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Best Buy is planning to sell a smart home hub via a service called Peq, based on videos posted to a Peq channel on YouTube, and confirmed by sources in the smart home sector. Finally, one of the worst kept secrets in the home automation world is out thanks to David Zatz who discovered the YouTube videos outing Peq and what looks to be a service plan.
This makes [company]Best Buy[/company] the fourth major retailer with a hub and home automation play following Lowe’s Iris, Staples Connect and Home Deport’s partnership with Wink-Quirky. The retailer will be one of several distribution points for the Peq service, according to Ted Schremp, who is the CEO of Smart Home Ventures, the company that provides the Peq service.
A bit about Peq
In an interview this afternoon, Schremp explained that Peq is more than a hub, it’s a service, which is why it comes with the $9.99 monthly fee. The idea is that Peq makes setting up and operating a home automation and security system so easy, it’s worth the charge. Customers will also shell out $120 for the hub and one window and door sensor or other packages already on sale on the Peq web site. Or they can wait for it to launch in actual stores in the coming weeks and months to see the devices and hubs for themselves.
The hub will only have a Wi-Fi and Zigbee radio inside, and devices that are supported by Icontrol’s software platform will be the only supported options as first. However, the company does plan to support devices that use Wi-Fi and cloud-based functionality in time. Those devices could include products like the Philips Hue lights or the Chamberlain MyQ garage door opener for example.
Schremp defended the hub’s paucity of radios saying that the goal was to make home automation simple for consumers, and having a variety of radios like Zigbee andZ-wave added complexity. “You are basically then operating two mesh networks in your home,” he said.
The broader picture
With Peq offering a monthly service plan that puts Best Buy’s offering in the same category of Lowe’s Iris, which also charges $9.99 per month for features that link multiple devices together and go beyond a certain number of alerts each month. Of course, the number of hubs on the market is proliferating daily, as are the number of ways one can purchase elements to build a smart home.
It’s something I’ve covered in depth, but on Thursday I saw research from Parks Associates estimating that nearly 4 percent of U.S. households will have a smart home controller by the end of 2014, with an estimated increase to nearly 6 percent by 2015. But the value is less in these controllers than in becoming the platform that controls all of a home’s connected devices.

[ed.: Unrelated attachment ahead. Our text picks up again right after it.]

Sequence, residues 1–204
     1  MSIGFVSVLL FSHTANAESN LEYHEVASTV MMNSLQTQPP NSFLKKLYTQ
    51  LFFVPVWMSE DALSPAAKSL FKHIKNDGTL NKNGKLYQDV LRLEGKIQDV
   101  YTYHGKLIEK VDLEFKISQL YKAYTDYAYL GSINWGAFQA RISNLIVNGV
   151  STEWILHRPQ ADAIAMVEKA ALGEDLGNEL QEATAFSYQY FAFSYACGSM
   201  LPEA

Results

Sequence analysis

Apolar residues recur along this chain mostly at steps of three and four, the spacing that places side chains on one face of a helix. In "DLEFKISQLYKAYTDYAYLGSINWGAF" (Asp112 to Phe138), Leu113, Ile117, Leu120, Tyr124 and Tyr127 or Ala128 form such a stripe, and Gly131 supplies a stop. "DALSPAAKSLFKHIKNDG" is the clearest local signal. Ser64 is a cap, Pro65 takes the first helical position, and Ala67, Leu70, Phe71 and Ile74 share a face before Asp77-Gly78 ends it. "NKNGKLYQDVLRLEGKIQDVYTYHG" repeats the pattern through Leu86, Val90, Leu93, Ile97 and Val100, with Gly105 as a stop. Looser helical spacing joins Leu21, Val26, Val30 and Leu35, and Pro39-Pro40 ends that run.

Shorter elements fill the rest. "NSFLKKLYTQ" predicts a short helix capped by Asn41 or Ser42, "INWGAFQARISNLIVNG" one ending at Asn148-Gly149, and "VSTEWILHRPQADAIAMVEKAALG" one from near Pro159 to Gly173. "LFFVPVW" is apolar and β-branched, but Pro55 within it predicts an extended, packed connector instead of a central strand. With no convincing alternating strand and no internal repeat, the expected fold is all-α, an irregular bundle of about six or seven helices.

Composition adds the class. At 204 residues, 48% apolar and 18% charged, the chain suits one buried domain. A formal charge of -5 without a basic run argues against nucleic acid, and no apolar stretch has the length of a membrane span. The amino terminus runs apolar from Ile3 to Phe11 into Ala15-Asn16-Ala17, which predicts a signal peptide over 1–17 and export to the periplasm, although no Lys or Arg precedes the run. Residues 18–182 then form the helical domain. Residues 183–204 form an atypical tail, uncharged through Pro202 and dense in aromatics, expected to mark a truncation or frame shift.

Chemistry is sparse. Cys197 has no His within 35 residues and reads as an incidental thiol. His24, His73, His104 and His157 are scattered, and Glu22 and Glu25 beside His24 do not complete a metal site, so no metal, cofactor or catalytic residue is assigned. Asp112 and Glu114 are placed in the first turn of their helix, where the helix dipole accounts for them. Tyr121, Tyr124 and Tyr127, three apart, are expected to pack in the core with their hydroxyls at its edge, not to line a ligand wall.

Today, that means a hub with good software, which so far is tough to find. But in the future it may be less about a hub and more about a meshed network of devices (albeit some devices with enough processing power to handle a lot of data flows). Google’s [company]Nest[/company] developer program seems closer to this model. It’s possible [company]Apple[/company] may take that route with HomeKit using the iPhone or iPad as the processing power.
That’s why retailers, ISPs and various tech firms are trying to bring developer programs and hubs to market. The hub is a trojan horse to sell your automation software and platform. Peq is using [company]iControl[/company] as the integrator on the back end, much like Staples Connect relies on Zonoff for its integration and software. Since we’ll have Bob Hagerty, the CEO of Icontrol at our Structure Connect event in October as well as buyers from [company]Staples[/company] and [company]Lowes[/company], I’m sure Peq and the retail strategy is something that will come up at the event.
Hubs can help retailers
Meanwhile, Peq’s marketing suggests that the hub is from [company]Netgear[/company], and that it will support a branded thermostat and cameras as well as Visonic sensors. I’m not a fan of the service fee, especially given the number of hubs available on the market that don’t require a fee, but the marketing video shows some complicated conditional rule setting that would let you take a picture, turn on the lights and send a text alert when someone comes in the door, so maybe if the software is amazing people will buy it and keep paying monthly for it.
And according to a Peter Gerstberger, Director/DMM, new business development at Staples, the chain is excited about the results from in-store tests. He mentioned in an interview earlier this summer that one of the advantages of selling the Connect products is that they have higher margins than the typical tablets and phones that comprise the other in-store electronics.
He also said the average Connect platform user plays with the app or hits the Staples web site at least eight times a day and on average connects six to seven devices within the first two months. If Best Buy can make a dent in that market and enough people buy it, that could provide a real boost.
From my testing of these hubs, I’m in agreement with Zatz; the Staples Connect device currently has the best mix of device support and usability although I love SmartThings for it’s vision and openness. In a few weeks I guess I’ll see what Peq brings to the table.
Update: This story was updated throughout at 1:20 pm after conducting an interview with Ted Schremp of Smart Home Ventures.